Trom is a six part crime serial currently scheduled on BBC4 in the UK but with all six episodes available on BBC iPlayer. Unusually, I opted to watch the whole serial over consecutive nights. I enjoyed the show very much and I’m prompted to write about it in response to the Guardian‘s listing which described it as OK but ‘formulaic’. That term reminds me that when I started my engagement with film studies in the 1970s most Hollywood films were generally dismissed by British critics as ‘formulaic’. I think it came from traditional Eng Lit graduates who had never been taught about genre. Fortunately we now have a more educated audience but we do still get the occasional usage.
A formula is a means of guaranteeing that a process will be capable of being re-produced to enable exactly the same output each time. The whole point of a genre repertoire is to enable filmmakers to select elements to ensure both repetition and difference. Genres are constantly evolving in cycles. All the elements in a narrative may be familiar but the precise mix will be different. Yes, Trom uses familiar elements but certain factors make this particular narrative unique. I’ve never seen a film or TV drama set in the Faroes before. It’s a unique and fascinating setting. Perhaps the most unusual element here is the tiny population size of this ‘autonomous community’ – only 53,000 people, less than most small towns in the UK. I thought that Iceland was relatively small but there are seven times as many people in Iceland. In narrative terms it means that it is quite feasible to create a story in which one character, seemingly an outsider, can investigate a crime, partly by having a connection to many of the people involved the story and also that a single person can have business holdings that seem to have an element of control over every form of activity in the community. It also means that this particular ‘Nordic Noir’ has no difficulty developing ideas about family melodrama narratives since it is quite likely that the children of the principal characters will all attend the same school or college and may become involved in the central narrative.
Early in the serial we see two men board a plane and sit on the same row of seats but on opposite sides of the aisle. Eventually we will realise that Hannis Martinsson (Ulrich Thomsen) is originally Faroese but has been working internationally as an investigative journalist. Ragnar í Rong (Olaf Johannessen) is the man who owns several companies in the Faroes. I’m not going to spoil the thriller plot but I will point out that the investigation will involve the suspicious death of an activist concerned about the ecological and ethical issue surrounding the main Faroese economic activity of fishing in the North-East Atlantic, including whaling. This is another unique element. Very few countries still consider whaling as legitimate and few are as dependent on whaling and fishing as an economic necessity.
Trom is part ‘police procedural’ and again the unique status of the Faroes becomes important. It is an autonomous territory still officially part of the Kingdom of Denmark. In terms of resources, certain actions such as sending for a forensic pathologist or requesting specialist laboratory work require extra time for material to be sent to Denmark or for specialists to travel to the Faroes. This in turn offers the writers small extra windows of time in the narrative when evidence is vulnerable or police investigation is stalled. This is well exploited in the serial. This element has appeared in other contexts. For instance, the South Korean film Memories of Murder (SK 2003), set in the 1980s requires samples to be sent to the US for testing because local experise and technology have not been developed. The situation in the two autonomous territories of Denmark is interesting from a UK perspective. There were three such territories but Iceland became independent after 1944 (both Iceland and the Faroes were occupied by the British during the Second World War). Greenland is the other territory which still has some ties to Denmark. The Faroes are not actually part of the EU even if Denmark is. This means that relations with the UK are different than they might be for Denmark itself. The Faroes are actually closer to Scotland and to Norway than to Denmark. Logically, the extra facilities the Faroese police might need could be obtained in Aberdeen or Bergen, half the distance away.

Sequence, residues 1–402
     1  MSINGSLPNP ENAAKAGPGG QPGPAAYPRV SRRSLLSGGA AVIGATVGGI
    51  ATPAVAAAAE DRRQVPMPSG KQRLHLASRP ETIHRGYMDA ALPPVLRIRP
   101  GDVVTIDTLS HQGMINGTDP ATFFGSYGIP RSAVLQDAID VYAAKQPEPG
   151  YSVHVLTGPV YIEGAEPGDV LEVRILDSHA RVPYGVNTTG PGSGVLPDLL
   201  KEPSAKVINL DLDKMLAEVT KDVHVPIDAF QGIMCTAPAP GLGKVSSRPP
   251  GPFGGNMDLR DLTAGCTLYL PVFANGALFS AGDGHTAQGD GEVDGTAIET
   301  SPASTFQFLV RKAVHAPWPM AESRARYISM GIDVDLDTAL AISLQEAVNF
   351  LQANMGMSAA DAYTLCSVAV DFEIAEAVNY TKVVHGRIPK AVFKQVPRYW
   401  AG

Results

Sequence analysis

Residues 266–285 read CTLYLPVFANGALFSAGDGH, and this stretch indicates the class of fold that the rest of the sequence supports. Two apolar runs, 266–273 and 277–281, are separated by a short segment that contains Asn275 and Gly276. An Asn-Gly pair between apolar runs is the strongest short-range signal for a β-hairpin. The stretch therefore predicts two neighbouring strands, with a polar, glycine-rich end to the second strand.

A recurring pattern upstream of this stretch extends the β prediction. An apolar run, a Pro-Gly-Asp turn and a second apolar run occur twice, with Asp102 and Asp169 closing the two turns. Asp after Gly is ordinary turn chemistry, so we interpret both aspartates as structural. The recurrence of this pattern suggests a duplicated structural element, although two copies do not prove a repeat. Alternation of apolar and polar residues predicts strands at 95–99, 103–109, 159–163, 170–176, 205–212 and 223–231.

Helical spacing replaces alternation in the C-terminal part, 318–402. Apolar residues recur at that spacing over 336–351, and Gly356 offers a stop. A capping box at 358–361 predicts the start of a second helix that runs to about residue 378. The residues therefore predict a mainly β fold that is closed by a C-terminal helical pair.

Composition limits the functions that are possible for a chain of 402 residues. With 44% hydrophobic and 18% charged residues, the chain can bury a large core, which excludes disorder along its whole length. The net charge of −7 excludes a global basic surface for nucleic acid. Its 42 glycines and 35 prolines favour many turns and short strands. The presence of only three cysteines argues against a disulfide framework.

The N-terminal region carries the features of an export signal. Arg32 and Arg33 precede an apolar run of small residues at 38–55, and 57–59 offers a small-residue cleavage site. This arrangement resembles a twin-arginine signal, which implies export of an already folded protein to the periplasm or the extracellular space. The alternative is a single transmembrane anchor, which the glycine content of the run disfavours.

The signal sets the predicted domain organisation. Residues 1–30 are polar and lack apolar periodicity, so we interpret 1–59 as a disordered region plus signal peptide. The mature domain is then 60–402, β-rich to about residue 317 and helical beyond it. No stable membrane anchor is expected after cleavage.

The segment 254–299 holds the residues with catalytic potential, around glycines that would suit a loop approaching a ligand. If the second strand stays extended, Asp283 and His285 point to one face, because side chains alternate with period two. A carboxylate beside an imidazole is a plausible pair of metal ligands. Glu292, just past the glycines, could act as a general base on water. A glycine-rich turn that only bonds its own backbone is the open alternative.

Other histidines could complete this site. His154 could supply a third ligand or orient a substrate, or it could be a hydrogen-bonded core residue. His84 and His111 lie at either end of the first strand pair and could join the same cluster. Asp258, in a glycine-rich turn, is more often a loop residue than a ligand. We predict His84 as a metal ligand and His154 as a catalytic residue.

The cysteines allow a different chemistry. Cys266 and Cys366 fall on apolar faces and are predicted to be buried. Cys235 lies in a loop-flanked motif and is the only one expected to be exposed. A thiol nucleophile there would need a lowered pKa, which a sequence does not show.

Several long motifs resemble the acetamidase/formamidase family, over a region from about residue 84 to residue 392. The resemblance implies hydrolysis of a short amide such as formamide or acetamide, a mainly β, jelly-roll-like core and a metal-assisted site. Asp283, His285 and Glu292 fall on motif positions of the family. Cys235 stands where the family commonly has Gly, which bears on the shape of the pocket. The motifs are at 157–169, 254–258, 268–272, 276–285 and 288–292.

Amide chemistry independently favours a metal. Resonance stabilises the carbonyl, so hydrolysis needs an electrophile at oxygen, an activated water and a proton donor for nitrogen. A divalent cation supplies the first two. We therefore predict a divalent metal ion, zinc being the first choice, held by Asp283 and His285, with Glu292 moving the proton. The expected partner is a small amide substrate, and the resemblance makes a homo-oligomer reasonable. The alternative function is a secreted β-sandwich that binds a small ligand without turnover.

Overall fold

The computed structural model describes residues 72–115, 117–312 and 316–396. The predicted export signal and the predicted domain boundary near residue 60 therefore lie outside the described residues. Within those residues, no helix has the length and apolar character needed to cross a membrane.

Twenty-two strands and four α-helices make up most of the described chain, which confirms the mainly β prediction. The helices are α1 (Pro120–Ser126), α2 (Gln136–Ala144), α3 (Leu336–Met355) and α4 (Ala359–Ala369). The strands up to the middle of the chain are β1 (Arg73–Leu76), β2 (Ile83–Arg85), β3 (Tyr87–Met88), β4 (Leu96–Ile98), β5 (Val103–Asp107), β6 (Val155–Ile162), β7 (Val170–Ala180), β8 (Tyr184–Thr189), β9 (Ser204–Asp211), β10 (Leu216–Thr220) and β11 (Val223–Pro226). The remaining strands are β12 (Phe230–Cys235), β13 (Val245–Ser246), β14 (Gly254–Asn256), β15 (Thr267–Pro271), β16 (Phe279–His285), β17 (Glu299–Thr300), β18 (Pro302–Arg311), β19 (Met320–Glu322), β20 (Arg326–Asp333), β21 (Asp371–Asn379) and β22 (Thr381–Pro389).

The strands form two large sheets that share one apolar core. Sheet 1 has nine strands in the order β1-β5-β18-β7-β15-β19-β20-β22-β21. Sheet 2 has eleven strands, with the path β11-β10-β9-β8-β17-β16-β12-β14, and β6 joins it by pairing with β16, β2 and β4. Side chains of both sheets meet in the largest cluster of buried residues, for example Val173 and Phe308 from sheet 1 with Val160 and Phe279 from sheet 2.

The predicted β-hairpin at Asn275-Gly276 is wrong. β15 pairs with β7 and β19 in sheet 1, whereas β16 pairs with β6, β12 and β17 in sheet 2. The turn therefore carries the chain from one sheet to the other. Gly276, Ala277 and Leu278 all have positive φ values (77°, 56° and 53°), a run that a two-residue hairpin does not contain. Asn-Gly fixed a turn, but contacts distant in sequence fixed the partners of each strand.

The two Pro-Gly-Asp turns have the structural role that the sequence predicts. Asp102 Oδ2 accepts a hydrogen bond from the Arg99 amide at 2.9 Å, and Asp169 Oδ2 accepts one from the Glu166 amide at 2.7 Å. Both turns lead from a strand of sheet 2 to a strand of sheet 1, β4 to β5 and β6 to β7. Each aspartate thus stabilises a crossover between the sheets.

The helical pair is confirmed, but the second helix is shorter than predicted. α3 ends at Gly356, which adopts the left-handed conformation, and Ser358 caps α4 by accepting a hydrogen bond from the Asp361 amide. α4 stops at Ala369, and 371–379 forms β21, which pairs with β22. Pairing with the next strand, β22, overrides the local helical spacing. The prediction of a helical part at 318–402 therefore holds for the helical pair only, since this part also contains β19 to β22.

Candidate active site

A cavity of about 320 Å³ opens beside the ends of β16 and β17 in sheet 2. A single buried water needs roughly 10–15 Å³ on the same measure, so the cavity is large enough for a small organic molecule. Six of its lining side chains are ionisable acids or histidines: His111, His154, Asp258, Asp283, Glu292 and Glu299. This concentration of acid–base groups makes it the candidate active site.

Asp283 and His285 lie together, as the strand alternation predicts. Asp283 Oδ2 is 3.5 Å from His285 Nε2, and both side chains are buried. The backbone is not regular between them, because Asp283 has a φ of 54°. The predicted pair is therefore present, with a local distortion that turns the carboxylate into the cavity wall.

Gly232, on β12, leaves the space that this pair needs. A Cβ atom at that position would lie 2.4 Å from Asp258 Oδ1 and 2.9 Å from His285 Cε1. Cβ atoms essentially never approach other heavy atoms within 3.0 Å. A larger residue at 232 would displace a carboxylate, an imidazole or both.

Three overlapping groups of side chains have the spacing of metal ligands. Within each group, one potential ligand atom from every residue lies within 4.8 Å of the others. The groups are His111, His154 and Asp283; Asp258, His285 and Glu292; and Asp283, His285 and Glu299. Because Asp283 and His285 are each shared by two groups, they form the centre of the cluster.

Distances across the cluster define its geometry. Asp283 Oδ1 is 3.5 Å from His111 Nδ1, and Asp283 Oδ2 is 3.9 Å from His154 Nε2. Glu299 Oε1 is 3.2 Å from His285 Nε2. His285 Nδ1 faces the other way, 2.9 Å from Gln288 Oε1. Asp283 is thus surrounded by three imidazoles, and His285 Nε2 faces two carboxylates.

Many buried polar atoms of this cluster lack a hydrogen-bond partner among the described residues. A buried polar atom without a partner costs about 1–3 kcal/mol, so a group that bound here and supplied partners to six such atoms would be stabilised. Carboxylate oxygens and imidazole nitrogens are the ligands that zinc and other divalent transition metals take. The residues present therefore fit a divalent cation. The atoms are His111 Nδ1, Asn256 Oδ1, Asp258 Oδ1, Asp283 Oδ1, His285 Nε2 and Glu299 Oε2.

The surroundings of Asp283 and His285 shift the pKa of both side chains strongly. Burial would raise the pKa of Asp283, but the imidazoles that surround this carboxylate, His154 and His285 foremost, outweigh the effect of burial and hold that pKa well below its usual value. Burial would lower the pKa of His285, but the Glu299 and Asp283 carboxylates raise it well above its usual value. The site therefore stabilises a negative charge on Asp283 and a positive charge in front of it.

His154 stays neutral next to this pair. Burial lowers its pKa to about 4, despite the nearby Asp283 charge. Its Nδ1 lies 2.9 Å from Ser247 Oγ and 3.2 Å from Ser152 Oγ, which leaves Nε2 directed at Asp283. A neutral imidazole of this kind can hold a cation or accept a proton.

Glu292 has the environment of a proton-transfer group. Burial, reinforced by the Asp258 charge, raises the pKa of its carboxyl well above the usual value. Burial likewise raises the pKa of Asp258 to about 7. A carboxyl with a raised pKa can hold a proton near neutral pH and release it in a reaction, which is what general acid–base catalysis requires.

The serial is based on books by the Faroese writer, Jógvan Isaksen and it is the first TV drama serial/series made on the Faroes. It is certainly a ‘Nordic Noir’, closest perhaps to the Danish TV serials of the The Killing (Denmark 2007-12) – the famous knitted jumpers in that serial were Faroese and they are also a featured in the promotion of Trom. The Killing was a co-production venture which saw Norwegian, Swedish and German support. This is the case with many Nordic film and TV productions. Trom has Icelandic input in funding and crew and there is also Danish and Norwegian involvement. One of the two main writers is Donna Sharpe, a Brit based in Germany. The British interest, in the form of BBC4, is emphasised in the promotional material. The two leading cast members, Ulrich Thomsen and Maria Rich are well-known Danish actors whereas Olaf Johannessen was born on the Faroes. I think others in the cast are Faroese and the dialogue is both Danish and Faroese with a few lines of English. All the performances seem strong to me.
The ending of the serial leaves the prospect of a second part, but at the moment there seems to be a problem in the partnership of the various agencies involved in the production. I hope it is resolved. I enjoyed the show and would appreciate the chance to watch a second serial.
Here is a brief promo clip from an Australian streamer: